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How much value does a car lose in a single year? Data study shows that new cars are bad investments

How much value does a car lose in a single year? Data study shows that new cars are bad investments

The South African web service that tracks second-hand vehicle prices, True Price, has made a startling discovery when they analysed the resale values from auction data and resellers. Even among the top ten best-performers in terms of resale value, most models shed as much as 25% of their value in the first year after purchase.

According to Darryl Jacobson, managing director of True Price, they conducted the first-ever study in the resale value stakes. “We decided to analyse which 2018 model year vehicles achieved the best resale value (measured against original list price) during 2019. This has never been done before in South Africa.”

The True Price team attends bank repossession auctions throughout the year to document the prices that are achieved. The company has data for thousands of vehicle auctions on its system. Accordingly, it is able to provide highly scientific and extremely accurate vehicle valuations.

The car that came out tops as the best resale-value vehicle over a one-year period is the Volkswagen Tiguan but even this popular mom’s taxi lost 13% in value from new in 2018 to second-hand in 2019. According to the True Price data, the Tiguan retained 87.07% of its new value.

Second is the Kia Picanto which managed to keep 81.27% of its value with the Volkswagen Polo Vivo third with 80.42%.

The Volkswagen Golf, always a popular item on auctions, kept 80.06% of its value, only a whisker above the threshold for shedding 20% value in a single year. Further down the list, all cars shed at least 20% of their value in just one year.

In fifth position is the Kia Rio (80%) followed by the Toyota Hilux (78.56%), the Toyota Fortuner (77.73%), the Isuzu KB/D-Max (76.41%), the Renault Kwid (73.3%), and finally the Hyundai Grand (73.26%).

By implication, all other vehicles sold new in 2018, lost at least 27% of their value in a single year. No luxury car made it to the top ten list.

“This first-ever study into annual winners in the resale value stakes – which analyses 2018 models sold in 2019 – will be repeated at the end of 2020. “We will analyse all the 2019 models sold in 2020 and provide another top ten list at the beginning of 2021. concluded Jacobson.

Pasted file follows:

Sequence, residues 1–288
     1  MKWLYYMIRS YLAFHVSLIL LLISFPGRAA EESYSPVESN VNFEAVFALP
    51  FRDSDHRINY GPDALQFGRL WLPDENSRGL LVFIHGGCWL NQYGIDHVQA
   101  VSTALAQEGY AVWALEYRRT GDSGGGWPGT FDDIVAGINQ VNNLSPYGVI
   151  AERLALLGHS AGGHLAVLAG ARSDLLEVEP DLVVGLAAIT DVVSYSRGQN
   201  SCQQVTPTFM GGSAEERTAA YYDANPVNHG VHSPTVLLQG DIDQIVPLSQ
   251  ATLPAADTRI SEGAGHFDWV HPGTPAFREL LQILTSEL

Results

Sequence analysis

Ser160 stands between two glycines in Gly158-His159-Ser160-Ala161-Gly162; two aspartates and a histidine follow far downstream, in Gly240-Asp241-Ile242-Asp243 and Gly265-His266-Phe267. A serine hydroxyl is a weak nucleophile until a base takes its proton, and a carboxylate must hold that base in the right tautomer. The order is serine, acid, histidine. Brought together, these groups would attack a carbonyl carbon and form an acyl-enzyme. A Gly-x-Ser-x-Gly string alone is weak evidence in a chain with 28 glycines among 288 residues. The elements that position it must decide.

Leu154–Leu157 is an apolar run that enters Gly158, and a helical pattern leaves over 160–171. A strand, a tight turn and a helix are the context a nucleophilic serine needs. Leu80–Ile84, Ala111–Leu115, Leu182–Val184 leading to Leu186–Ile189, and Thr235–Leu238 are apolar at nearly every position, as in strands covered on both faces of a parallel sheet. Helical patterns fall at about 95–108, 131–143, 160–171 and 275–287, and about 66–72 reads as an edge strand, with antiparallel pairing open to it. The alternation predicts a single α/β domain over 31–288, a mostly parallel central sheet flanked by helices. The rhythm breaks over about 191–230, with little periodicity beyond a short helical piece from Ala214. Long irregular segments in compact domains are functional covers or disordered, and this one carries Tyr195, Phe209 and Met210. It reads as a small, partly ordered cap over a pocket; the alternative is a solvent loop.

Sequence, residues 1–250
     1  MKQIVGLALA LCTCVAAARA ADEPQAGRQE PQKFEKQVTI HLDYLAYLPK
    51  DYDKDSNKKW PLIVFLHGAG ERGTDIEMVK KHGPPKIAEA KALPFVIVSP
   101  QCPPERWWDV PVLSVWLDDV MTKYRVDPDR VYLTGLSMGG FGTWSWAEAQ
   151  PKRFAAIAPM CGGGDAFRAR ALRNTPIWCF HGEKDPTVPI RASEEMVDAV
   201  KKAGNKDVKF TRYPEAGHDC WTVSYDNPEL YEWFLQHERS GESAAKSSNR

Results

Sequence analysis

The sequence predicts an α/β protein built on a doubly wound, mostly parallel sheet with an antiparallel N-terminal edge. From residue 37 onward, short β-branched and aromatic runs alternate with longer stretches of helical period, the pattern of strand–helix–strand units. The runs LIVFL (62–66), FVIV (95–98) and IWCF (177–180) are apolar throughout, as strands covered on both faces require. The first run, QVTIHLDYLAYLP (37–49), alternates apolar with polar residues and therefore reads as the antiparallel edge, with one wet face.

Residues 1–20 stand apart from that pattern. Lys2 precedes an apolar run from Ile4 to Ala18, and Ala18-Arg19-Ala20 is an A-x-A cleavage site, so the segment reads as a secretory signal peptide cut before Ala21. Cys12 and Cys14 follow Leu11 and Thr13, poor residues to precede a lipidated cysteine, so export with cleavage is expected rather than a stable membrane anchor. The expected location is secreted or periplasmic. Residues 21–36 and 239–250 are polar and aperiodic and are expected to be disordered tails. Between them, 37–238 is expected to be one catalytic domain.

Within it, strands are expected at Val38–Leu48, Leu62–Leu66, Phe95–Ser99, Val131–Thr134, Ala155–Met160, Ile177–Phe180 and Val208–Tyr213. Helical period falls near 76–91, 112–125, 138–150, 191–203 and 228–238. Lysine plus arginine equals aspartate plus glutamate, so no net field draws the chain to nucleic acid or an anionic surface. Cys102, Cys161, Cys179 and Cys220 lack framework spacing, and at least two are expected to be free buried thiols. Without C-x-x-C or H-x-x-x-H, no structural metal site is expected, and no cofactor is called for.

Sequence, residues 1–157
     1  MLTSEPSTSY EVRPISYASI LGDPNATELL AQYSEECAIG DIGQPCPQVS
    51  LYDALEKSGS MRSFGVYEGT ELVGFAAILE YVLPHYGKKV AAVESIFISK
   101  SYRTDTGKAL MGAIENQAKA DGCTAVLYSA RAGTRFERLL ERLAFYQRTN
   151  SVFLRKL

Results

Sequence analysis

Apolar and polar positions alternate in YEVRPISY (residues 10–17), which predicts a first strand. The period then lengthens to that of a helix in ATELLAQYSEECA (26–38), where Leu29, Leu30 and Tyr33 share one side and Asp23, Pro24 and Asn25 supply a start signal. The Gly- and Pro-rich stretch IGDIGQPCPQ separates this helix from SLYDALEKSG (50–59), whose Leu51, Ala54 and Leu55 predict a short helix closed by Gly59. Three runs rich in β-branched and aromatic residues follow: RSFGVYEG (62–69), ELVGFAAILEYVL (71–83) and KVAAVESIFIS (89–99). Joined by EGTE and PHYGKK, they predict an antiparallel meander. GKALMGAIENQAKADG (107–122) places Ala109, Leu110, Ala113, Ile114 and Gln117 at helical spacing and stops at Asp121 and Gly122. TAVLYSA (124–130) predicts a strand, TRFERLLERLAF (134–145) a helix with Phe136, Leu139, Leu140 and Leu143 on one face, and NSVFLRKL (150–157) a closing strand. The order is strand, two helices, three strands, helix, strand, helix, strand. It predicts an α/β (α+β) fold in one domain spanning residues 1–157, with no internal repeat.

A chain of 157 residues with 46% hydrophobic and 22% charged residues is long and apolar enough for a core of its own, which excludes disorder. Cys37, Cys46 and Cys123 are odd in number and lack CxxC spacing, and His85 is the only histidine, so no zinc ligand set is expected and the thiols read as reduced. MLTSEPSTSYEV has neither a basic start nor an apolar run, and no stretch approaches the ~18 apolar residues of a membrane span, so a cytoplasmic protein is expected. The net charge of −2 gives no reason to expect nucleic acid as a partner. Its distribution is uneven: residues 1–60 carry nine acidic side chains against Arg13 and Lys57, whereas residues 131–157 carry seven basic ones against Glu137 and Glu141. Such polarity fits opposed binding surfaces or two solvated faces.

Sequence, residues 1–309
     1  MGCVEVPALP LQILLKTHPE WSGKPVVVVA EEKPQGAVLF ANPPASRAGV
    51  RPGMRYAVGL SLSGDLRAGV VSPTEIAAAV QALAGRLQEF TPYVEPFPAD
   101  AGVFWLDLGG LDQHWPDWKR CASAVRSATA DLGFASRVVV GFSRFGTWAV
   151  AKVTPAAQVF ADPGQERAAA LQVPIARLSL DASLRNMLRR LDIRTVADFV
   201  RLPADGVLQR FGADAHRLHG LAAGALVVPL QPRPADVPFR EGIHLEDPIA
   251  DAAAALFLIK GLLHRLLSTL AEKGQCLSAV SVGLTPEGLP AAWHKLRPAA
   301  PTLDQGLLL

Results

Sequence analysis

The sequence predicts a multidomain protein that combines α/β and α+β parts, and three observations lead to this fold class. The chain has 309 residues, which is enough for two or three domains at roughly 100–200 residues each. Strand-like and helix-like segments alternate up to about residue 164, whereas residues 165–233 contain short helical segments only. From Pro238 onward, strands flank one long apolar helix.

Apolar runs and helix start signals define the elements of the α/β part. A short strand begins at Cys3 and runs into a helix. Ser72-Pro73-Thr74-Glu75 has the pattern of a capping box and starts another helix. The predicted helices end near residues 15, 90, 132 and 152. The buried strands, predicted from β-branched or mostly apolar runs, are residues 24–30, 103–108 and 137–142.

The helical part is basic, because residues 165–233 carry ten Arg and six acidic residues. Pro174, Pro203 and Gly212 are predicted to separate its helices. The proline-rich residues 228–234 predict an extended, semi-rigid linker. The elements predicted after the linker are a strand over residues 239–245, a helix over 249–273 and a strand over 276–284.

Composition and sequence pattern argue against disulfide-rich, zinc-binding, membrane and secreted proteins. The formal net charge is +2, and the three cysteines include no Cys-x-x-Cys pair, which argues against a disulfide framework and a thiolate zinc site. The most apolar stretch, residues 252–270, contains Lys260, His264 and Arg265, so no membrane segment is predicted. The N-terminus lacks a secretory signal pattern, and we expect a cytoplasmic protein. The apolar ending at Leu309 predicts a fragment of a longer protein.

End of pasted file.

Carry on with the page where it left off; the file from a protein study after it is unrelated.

About The Author

SADC Correspondent

SADC correspondents are independent contributors whose work covers regional issues of southern Africa outside the immediate Namibian ambit. Ed.

Following reverse listing, public can now acquire shareholding in Paratus Namibia


20 February 2020, Windhoek, Namibia: Paratus Namibia Holdings (PNH) was founded as Nimbus Infrastructure Limited (“Nimbus”), Namibia’s first Capital Pool Company listed on the Namibian Stock Exchange (“NSX”).

Although targeting an initial capital raising of N$300 million, Nimbus nonetheless managed to secure funding to the value of N$98 million through its CPC listing. With a mandate to invest in ICT infrastructure in sub-Sahara Africa, it concluded management agreements with financial partner Cirrus and technology partner, Paratus Telecommunications (Pty) Ltd (“Paratus Namibia”).

Paratus Namibia Managing Director, Andrew Hall

Its first investment was placed in Paratus Namibia, a fully licensed communications operator in Namibia under regulation of the Communications Regulatory Authority of Namibia (CRAN). Nimbus has since been able to increase its capital asset base to close to N$500 million over the past two years.

In order to streamline further investment and to avoid duplicating potential ICT projects in the market between Nimbus and Paratus Namibia, it was decided to consolidate the operations.

Publishing various circulars to shareholders, Nimbus took up a 100% shareholding stake in Paratus Namibia in 2019 and proceeded to apply to have its name changed to Paratus Namibia Holdings with a consolidated board structure to ensure streamlined operations between the capital holdings and the operational arm of the business.

This transaction was approved by the Competitions Commission as well as CRAN, following all the relevant regulatory approvals as well as the necessary requirements in terms of corporate governance structures.

Paratus Namibia has evolved as a fully comprehensive communications operator in Namibia and operates as the head office of the Paratus Group in Africa. Paratus has established a pan-African footprint with operations in six African countries, being: Angola, Botswana, Mozambique, Namibia, South Africa and Zambia.

The group has achieved many successes over the years of which more recently includes the building of the Trans-Kalahari Fibre (TKF) project, which connects from the West Africa Cable System (WACS) eastward through Namibia to Botswana and onward to Johannesburg. The TKF also extends northward through Zambia to connect to Dar es Salaam in Tanzania, which made Paratus the first operator to connect the west and east coast of Africa under one Autonomous System Number (ASN).

This means that Paratus is now “exporting” internet capacity to landlocked countries such as Zambia, Botswana, the DRC with more countries to be targeted, and through its extensive African network, Paratus is well-positioned to expand the network even further into emerging ICT territories.

PNH as a fully-listed entity on the NSX, is therefore now the 100% shareholder of Paratus Namibia thereby becoming a public company. PNH is ready to invest in the future of the ICT environment in Namibia. The public is therefore invited and welcome to acquire shares in Paratus Namibia Holdings by speaking to a local stockbroker registered with the NSX. The future is bright, and the opportunities are endless.